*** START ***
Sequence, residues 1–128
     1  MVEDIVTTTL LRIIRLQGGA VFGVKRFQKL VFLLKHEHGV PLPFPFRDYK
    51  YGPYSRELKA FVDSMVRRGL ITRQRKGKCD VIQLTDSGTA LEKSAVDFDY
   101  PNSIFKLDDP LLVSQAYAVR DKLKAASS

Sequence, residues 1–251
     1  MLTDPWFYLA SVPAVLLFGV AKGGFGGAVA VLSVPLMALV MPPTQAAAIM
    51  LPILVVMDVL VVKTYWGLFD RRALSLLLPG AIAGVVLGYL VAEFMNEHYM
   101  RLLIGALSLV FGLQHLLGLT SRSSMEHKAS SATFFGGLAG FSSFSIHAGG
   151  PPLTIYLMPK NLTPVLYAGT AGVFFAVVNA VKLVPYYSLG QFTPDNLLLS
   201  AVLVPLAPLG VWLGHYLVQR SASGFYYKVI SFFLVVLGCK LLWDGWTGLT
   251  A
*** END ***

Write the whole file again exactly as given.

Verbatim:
Sequence, residues 1–128
     1  MVEDIVTTTL LRIIRLQGGA VFGVKRFQKL VFLLKHEHGV PLPFPFRDYK
    51  YGPYSRELKA FVDSMVRRGL ITRQRKGKCD VIQLTDSGTA LEKSAVDFDY
   101  PNSIFKLDDP LLVSQAYAVR DKLKAASS

Sequence, residues 1–251
     1  MLTDPWFYLA SVPAVLLFGV AKGGFGGAVA VLSVPLMALV MPPTQAAAIM
    51  LPILVVMDVL VVKTYWGLFD RRALSLLLPG AIAGVVLGYL VAEFMNEHYM
   101  RLLIGALSLV FGLQHLLGLT SRSSMEHKAS SATFFGGLAG FSSFSIHAGG
   151  PPLTIYLMPK NLTPVLYAGT AGVFFAVVNA VKLVPYYSLG QFTPDNLLLS
   201  AVLVPLAPLG VWLGHYLVQR SASGFYYKVI SFFLVVLGCK LLWDGWTGLT
   251  A